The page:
The CR and LF characters are interpreted by word as "Start a new paragraph here." That's the problem.

The Solution

We need to remove all the extra line breaks from the document. Word and OpenOffice both allow you to do this using the "Find and Replace" dialog, but the technique is not obvious.

  1. Hit CTRL+F or click Edit>Find and Replace

  2. In word, click the tab at the top of the dialog that says "Replace"

  3. In the Find box, enter ^p for word or $ for OpenOffice

  4. In Openoffice, click "More" and then check "Regular Expressions"

  5. In the Replace box, type a single space character (IE hit the spacebar once)

  6. Click "Replace All"

This is what the box looks like in Word:

And this is what it looks like in OpenOffice:

After you hit "Replace All", all the line breaks will be replaced with spaecs, so your document looks much better.


  • If you want to replace the line breaks one at a time, use "replace" instead of "replace all"

  • It's usually easier to clean the text in it's own document and then copy/paste again to your card-cutting document

  • This technique is also useful for removing extra line breaks after some bozo began a new page by hitting "enter" a bunch of times instead of adding a new page break. Use ^p^p in the find box

Utilitarianism and Deontology, or, the only time I'll ever argue against bacon

In my last post about impact comparisons, I made the point that "magnitude" is usually a straightforward comparison - which war is worse, which policy harms the economy more, which impact should we avoid if we want to save the most lives. Comparing the size of two impacts is easy if they are both measured in dollars or lives, but what if there is no such apples-to-apples comparison? How do you compare an economic collapse to the existence of institutional racism? How do you evaluate a policy which ends a human rights violation, but risks starting a war?

On the scale of governments, this weighing of different impacts is a normal fact of public policy, but when you ask these kinds of questions of individuals, you've begun a study of ethics. After all, individuals have to weigh costs and benefits for nearly every decision they make. There are many ways that individuals or governments could resolve these apples-to-oranges impact comparisons, but there are two particularly important tools from the world of ethics that debaters tend to find useful. Though you might not have heard the terms for these decisionmaking systems, you most likely use both of them everyday.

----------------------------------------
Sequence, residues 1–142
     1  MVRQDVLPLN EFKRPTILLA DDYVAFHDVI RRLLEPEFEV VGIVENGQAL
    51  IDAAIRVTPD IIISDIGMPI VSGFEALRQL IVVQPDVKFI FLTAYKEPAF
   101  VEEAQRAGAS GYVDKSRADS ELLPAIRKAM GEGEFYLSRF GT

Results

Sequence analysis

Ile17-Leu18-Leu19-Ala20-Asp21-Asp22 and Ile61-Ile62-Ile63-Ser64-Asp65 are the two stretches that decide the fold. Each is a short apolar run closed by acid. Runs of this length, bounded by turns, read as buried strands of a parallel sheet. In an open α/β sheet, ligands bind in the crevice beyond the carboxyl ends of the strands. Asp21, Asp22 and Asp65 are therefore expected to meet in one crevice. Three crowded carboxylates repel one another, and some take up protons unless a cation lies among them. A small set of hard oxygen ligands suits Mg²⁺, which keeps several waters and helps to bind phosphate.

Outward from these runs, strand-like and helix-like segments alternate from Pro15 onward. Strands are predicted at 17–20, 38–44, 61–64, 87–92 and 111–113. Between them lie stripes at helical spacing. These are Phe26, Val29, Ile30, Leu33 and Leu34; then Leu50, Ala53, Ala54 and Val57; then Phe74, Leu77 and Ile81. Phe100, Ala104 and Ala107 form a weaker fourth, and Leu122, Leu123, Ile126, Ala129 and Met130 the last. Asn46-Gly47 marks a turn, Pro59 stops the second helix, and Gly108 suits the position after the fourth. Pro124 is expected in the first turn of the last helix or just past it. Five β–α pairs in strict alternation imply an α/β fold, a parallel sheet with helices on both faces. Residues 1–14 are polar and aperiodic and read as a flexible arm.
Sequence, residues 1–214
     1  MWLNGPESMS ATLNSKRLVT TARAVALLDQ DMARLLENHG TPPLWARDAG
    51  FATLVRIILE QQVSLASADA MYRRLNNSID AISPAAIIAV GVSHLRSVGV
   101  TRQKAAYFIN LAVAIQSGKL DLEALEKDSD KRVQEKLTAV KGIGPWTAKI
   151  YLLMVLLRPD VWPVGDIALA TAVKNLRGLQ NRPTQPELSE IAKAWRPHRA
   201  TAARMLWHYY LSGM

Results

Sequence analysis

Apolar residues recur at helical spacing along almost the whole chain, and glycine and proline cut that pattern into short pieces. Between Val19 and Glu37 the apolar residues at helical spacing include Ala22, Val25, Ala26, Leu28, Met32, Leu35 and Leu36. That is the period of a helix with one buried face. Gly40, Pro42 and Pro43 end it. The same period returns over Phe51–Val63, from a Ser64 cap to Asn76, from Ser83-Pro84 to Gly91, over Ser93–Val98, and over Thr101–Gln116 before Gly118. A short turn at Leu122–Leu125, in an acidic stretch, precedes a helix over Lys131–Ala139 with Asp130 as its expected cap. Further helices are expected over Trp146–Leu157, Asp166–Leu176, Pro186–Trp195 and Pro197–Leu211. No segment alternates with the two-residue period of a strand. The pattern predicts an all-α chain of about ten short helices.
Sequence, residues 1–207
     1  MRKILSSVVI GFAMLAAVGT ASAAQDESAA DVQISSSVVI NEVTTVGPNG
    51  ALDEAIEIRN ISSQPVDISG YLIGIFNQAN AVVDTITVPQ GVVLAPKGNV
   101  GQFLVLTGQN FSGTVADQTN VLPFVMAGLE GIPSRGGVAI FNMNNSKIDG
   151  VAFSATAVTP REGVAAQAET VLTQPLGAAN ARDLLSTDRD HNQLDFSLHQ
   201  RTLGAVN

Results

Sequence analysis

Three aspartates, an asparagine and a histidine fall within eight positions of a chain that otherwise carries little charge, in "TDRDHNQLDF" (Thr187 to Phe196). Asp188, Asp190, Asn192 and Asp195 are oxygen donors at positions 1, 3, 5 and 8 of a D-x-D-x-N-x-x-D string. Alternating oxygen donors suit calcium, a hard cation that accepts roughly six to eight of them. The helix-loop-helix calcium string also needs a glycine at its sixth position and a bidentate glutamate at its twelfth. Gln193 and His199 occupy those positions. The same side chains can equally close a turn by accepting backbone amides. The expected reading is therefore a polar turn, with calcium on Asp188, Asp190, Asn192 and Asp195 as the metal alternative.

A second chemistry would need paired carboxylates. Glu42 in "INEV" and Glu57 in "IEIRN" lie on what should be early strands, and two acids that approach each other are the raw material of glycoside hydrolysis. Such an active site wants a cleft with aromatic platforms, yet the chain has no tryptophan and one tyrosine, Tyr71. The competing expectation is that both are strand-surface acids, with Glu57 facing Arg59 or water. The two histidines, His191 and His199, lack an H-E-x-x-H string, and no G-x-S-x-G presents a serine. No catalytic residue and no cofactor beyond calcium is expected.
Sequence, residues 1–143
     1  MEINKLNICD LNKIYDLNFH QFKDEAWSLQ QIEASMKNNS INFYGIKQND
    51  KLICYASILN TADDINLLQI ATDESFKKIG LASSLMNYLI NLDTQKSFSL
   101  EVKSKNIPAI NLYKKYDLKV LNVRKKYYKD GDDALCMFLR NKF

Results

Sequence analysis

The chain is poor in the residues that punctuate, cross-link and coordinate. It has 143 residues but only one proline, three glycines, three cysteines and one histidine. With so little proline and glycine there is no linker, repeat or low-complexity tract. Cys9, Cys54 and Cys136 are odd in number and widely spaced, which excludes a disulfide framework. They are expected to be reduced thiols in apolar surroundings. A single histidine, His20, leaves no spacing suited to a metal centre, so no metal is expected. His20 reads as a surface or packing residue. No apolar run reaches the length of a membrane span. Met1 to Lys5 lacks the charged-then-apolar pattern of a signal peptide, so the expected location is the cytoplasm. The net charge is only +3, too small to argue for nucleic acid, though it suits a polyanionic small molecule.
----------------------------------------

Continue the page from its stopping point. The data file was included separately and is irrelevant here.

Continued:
Consider, for a moment, the vegitarian. Most people aren't raised vegetarians (a least among people of my own cultural background), which means most vegetarians made the choice at some point in their lives to stop eating meat. Every person who makes this choice makes it for different reasons, but there are a few common justifications for vegetarianism.

1. Meat production takes more resources. To take grain, feed it to chickens or cows, and then feed people with the resulting chickens and cows takes more grain than it would take to feed the people directly. Meat production also uses up a lot of land and other resources that could be better used to grow more food for more people. If everyone stopped eating meat, world food prices would go down, and more people would be able to sustain a healthy diet. Even if eating meat is enjoyable, vegetarianism does the greatest good for the greatest number.

2. Animals have rights. The animals that we consume for food are sentient beings that make decisions and feel pain. If we can avoid it, it is wrong to inflict pain on another creature. Animals raised for human consumption are caged, forced to ingest chemicals that modify their body chemistry, and are killed in ways that are far from painless. Even if an individual's decision not to eat meat does not end animal suffering, choosing to eat meat is still wrong.

Not only are these two arguments independent (you might agree with one, or the other, or both, or neither), they are based on completely different ethical systems.

Vegetarian argument #1 is an example of utilitarianism. A utilitarian decision-making process seeks to maximize "utility," which usually means minimizing pain or loss of life. If we did not eat meat, then fewer people would starve to death or face the pain of too little nutrition. Notice that evaluating a utilitarian claim requires looking at an action's consequences (whether or not it leads to less starvation), which is why we say that it is a consequentialist framework.